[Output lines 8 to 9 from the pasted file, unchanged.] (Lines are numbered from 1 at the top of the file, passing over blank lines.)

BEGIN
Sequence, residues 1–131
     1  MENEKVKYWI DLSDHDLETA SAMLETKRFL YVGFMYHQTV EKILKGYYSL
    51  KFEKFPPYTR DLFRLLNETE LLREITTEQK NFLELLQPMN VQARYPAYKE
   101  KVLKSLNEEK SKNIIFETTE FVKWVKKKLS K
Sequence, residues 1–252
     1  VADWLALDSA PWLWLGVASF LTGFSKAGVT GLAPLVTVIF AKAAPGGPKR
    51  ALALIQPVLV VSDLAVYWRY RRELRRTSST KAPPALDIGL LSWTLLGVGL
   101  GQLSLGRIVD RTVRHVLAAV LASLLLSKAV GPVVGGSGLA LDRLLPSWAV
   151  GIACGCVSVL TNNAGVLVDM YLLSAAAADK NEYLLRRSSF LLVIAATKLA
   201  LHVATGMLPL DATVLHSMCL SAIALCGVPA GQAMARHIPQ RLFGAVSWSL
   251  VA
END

   101  GQLSLGRIVD RTVRHVLAAV LASLLLSKAV GPVVGGSGLA LDRLLPSWAV
   151  GIACGCVSVL TNNAGVLVDM YLLSAAAADK NEYLLRRSSF LLVIAATKLA